A related need is for the ECB to be given the authority of a true central bank, including the ability to directly buy the bonds of member nations. That authority should be used, to demonstrate that speculating against European sovereign debt doesn’t pay. The EU, like the United States, also needs much more stringent regulation of its banking system. The moves in late 2012 toward consolidated banking supervision are too weak. A new regulatory regime needs to compel bankers to revise and simplify their business model. A financial transaction tax, which would take the profit out of highly leveraged short-term trades, is a good place to start.
Fiscal limits, in the spirit of Maastricht, make sense in normal times but not in an economic depression. They should be waived until Europe is firmly on the road to recovery. Some European nations have very high debt-to-GDP ratios, but Europe’s debt level as a whole is around 100 percent of GDP, well below the typical debt ratio at the end of World War II. Europe has much higher savings rates than the United States, and it is capable of financing this debt, if the cycle of speculation and crash can be broken and if Europe indeed becomes more of a transfer union. Bond-financed European recovery funds, well into the hundreds of billions of euros a year, would make an immense difference in restoring a virtuous circle of economic growth, employment, and increased revenues.
Assuring the survival of the euro, with or without Greece, has gotten a huge amount of attention. But while the collapse of the euro would intensify Europe’s economic crisis, the sole focus on saving the single currency misses the larger point. The EU is pursuing a perverse theory of how to produce a recovery from a financial collapse. The problem is the policy, not the euro. Without a change in the strategy, tossing weaker nations out of the Eurozone will save neither the euro nor the promise of the EU.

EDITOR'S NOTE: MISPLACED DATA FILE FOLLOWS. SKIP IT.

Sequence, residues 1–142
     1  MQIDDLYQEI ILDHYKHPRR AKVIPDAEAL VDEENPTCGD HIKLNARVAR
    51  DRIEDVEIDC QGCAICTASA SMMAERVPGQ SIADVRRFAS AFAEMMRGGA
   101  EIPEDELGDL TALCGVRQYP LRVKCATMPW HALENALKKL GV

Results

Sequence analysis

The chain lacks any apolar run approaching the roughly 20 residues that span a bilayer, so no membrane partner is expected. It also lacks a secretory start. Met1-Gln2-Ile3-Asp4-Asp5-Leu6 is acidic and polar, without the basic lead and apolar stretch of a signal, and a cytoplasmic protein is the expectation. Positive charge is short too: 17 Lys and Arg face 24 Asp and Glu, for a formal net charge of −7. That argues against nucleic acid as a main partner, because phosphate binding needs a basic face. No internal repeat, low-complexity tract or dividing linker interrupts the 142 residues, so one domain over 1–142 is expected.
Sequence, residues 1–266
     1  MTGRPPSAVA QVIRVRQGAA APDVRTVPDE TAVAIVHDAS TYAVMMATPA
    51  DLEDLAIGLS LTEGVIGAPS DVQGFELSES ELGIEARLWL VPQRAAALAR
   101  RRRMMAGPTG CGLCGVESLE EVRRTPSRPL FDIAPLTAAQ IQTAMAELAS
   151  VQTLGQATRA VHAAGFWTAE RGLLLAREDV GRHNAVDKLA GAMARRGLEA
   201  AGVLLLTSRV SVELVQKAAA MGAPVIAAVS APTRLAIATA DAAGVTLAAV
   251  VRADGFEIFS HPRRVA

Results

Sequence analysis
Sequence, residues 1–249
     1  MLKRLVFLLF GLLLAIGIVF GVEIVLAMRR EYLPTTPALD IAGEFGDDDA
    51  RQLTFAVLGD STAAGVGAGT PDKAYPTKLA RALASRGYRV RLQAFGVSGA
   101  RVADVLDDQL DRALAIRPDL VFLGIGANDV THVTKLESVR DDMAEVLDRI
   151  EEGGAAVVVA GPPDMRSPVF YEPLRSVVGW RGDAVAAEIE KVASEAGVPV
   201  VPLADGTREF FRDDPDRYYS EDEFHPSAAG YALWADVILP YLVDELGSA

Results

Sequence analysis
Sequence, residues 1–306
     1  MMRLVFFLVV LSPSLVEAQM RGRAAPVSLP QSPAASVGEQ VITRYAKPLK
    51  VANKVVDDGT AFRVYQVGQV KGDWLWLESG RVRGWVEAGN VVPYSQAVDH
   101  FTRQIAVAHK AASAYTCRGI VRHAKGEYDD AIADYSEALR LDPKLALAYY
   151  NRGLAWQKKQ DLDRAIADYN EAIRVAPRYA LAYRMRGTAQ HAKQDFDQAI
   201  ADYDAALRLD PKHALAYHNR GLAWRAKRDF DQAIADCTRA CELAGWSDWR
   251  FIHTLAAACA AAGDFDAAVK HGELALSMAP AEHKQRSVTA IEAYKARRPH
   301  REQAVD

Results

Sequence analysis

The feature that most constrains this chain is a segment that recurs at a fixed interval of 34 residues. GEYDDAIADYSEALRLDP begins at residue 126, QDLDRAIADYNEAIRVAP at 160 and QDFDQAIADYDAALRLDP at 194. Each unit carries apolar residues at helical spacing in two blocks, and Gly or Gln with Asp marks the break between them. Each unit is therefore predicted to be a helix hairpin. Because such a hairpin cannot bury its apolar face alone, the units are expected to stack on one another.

In late 2012, despite a flow of cheap loans from the ECB, Europe’s private-sector banks were sitting on an estimated €1.2 trillion in cash, and lending to business was declining. The Continent’s crisis of deflation was worsening. The obsession among Europe’s leaders with debt repayment rather than debt relief, and the protracted policy deadlock while the crisis worsens, are chillingly reminiscent of the 1920s. Unless the broader ideology of austerity for states and license for bankers is reversed, Europe will continue to lurch from crisis to crisis, and the Continent’s institutions will face a generation of lost prosperity and lost legitimacy for its democratic governing institutions. Ironically, the whole point of the EU was to contain the dark forces of ultra-nationalism— which are being loosed again, from Norway to the Netherlands to neo-Nazis in Greece—by austerity policies imposed from Berlin. Europe, much less Germany, is not a good place to play with the social dynamite of prolonged depression.
Excerpted from "Debtors' Prison: The Politics of Austerity Versus Possibility" by Robert Kuttner. Published by Vintage Books. Copyright 2014 by Robert Kuttner. Reprinted with permission of the publisher. All rights reserved.